I remember when I was trying to find or reconstruct the family tree of the Greek gods on the Internet, to end up with 3 sheets of paper full of incoherent scribbles and a persistent headache. After reading this book, I was comforted that I couldn’t blame myself for it. When the author explains everything to a person nicely, meaningfully and picturesquely, the reader’s aha-moments just line up one after the other.

I mean, if someone told you that there is a series of books in which you will meet hundreds of characters and that you will remember a good part of them, you would tell him that you doubled the therapy. Still, George R. R. Martin did a miracle; as I have said a hundred times so far, the man writes so that it is easier for me to remember members of more generations of some famous family from Westeros than to remember the names of the children of friends with whom I went to high school.

“Mythos” came into my hands at the right time. It couldn’t have been better. I had just completed the phenomenal “Circe” by Madeline Miller and I wasn’t ready to leave the world of Greek myths and legends. I was lucky. I took “Mythos” and just dived even deeper into that wonderful, wild world.

“The Greeks created gods that were in their image; warlike but creative, wise but ferocious, loving but jealous, tender but brutal, compassionate, but vengeful.”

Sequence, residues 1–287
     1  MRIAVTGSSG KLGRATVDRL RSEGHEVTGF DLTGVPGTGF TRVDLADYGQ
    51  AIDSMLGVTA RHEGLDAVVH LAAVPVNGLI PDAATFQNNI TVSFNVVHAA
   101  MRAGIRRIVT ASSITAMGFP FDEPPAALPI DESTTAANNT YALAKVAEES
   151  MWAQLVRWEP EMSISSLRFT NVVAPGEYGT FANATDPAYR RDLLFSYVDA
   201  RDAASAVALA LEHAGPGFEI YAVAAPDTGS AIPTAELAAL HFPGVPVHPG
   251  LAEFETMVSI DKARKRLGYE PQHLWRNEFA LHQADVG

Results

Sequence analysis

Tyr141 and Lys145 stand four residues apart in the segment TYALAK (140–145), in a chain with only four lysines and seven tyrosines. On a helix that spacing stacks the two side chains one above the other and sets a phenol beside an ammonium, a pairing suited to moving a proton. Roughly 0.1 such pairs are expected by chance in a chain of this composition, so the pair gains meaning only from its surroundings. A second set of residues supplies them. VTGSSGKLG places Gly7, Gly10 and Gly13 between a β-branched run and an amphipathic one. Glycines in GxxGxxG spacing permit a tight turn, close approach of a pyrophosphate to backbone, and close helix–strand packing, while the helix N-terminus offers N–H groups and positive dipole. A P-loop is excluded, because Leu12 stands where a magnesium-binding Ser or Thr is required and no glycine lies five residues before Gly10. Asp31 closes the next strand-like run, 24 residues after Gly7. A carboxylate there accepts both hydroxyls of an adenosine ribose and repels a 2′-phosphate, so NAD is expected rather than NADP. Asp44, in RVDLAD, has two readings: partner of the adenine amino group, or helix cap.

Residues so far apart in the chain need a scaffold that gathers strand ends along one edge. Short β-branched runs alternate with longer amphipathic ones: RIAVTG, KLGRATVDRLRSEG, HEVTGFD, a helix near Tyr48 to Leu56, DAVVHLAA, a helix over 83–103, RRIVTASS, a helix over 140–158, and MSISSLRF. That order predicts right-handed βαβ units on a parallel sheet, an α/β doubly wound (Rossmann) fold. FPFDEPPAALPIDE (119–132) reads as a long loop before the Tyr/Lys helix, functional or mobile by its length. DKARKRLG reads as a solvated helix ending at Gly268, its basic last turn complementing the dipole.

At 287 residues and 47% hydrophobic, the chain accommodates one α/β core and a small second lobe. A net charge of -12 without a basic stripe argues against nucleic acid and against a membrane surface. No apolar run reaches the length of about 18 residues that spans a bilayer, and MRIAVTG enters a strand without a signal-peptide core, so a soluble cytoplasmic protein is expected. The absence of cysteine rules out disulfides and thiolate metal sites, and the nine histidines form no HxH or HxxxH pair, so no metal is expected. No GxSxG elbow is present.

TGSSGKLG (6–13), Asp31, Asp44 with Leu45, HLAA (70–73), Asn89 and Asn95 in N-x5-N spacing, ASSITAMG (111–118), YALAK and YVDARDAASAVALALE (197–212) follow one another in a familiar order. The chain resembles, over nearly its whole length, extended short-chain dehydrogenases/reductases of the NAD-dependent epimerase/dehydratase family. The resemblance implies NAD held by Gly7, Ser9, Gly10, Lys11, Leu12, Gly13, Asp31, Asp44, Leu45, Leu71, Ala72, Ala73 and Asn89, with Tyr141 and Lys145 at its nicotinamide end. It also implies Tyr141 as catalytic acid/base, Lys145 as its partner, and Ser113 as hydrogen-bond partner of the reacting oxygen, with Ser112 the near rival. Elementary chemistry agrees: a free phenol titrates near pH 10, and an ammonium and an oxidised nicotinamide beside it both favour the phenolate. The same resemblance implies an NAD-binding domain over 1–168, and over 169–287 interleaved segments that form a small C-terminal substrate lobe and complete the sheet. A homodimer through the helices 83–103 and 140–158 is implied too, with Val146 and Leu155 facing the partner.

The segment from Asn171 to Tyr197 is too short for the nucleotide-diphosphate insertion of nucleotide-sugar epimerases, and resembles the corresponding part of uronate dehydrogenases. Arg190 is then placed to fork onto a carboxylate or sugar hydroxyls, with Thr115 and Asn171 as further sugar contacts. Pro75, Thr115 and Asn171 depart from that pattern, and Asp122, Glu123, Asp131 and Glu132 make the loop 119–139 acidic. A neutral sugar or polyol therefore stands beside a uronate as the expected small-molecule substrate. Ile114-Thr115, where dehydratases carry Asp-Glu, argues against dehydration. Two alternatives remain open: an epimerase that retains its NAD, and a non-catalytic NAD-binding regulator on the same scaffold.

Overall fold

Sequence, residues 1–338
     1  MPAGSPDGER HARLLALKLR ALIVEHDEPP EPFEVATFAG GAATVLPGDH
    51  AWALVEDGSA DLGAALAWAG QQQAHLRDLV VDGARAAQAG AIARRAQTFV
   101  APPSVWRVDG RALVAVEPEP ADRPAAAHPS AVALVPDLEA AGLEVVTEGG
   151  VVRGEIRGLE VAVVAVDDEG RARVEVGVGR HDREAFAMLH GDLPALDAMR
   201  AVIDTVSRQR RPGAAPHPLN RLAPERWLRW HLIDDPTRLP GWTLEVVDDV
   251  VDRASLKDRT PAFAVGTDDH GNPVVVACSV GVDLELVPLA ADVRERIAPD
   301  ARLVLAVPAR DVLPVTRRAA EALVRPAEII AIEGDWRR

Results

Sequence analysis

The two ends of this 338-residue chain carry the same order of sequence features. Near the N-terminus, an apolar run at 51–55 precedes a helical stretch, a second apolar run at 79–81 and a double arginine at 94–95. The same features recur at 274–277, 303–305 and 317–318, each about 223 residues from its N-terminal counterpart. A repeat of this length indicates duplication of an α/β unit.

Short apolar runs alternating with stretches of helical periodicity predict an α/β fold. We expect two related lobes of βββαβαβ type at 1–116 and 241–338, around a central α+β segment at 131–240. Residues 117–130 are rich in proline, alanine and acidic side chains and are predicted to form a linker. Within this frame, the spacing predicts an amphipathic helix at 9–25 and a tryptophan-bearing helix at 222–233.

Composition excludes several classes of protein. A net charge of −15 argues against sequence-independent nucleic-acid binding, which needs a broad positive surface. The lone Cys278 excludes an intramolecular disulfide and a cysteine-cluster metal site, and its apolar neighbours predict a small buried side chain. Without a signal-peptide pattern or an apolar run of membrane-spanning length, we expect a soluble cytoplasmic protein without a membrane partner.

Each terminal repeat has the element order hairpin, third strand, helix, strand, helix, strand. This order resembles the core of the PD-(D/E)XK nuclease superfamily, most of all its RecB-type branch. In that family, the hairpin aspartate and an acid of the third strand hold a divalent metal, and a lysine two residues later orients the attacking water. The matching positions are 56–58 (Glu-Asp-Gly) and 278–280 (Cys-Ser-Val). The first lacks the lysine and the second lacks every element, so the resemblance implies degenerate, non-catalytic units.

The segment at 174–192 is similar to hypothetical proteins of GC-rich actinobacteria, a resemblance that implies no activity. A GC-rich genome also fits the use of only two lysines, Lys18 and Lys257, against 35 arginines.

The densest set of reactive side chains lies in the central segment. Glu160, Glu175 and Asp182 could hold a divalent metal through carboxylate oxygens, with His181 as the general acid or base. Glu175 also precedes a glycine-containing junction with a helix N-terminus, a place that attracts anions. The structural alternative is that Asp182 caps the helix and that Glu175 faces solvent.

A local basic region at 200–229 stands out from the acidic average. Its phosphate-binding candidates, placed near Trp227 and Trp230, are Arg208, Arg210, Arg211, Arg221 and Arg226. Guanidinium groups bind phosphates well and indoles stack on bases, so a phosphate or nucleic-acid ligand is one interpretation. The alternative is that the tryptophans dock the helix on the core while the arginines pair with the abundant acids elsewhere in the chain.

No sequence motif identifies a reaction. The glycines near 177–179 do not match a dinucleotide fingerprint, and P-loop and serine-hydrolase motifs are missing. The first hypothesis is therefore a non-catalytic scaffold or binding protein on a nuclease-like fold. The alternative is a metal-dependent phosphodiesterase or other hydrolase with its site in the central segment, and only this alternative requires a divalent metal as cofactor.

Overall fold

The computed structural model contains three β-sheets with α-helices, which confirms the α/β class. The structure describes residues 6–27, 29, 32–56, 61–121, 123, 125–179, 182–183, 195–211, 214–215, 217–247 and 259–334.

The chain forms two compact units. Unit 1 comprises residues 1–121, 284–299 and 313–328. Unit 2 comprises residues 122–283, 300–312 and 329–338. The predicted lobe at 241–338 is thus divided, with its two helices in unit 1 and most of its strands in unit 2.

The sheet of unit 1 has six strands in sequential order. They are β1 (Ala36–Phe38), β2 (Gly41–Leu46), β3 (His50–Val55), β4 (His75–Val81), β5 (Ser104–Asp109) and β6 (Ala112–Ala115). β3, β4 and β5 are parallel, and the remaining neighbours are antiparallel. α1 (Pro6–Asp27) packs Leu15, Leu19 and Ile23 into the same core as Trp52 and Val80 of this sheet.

MYTHOS by Stephen Fry

Did you know, for example, that the gods of Olympus are only the third generation of Greek gods?

Did you know – okay, you must have known this – that Aphrodite was made of sea foam? We all have somewhere in our long-term memory stored that famous Botticelli painting, “The Birth of Venus”. The most beautiful of the most beautiful stepped out of the agitated sea. And do you know what made it foamy? 😀

I honestly didn’t know, and when I found out, I first laughed to myself like an imbecile, and then I took my cell phone and wrote to the girls in the Viber group: “Well, women, do you know about that Greek goddess, Aphrodite? You know how she was created? “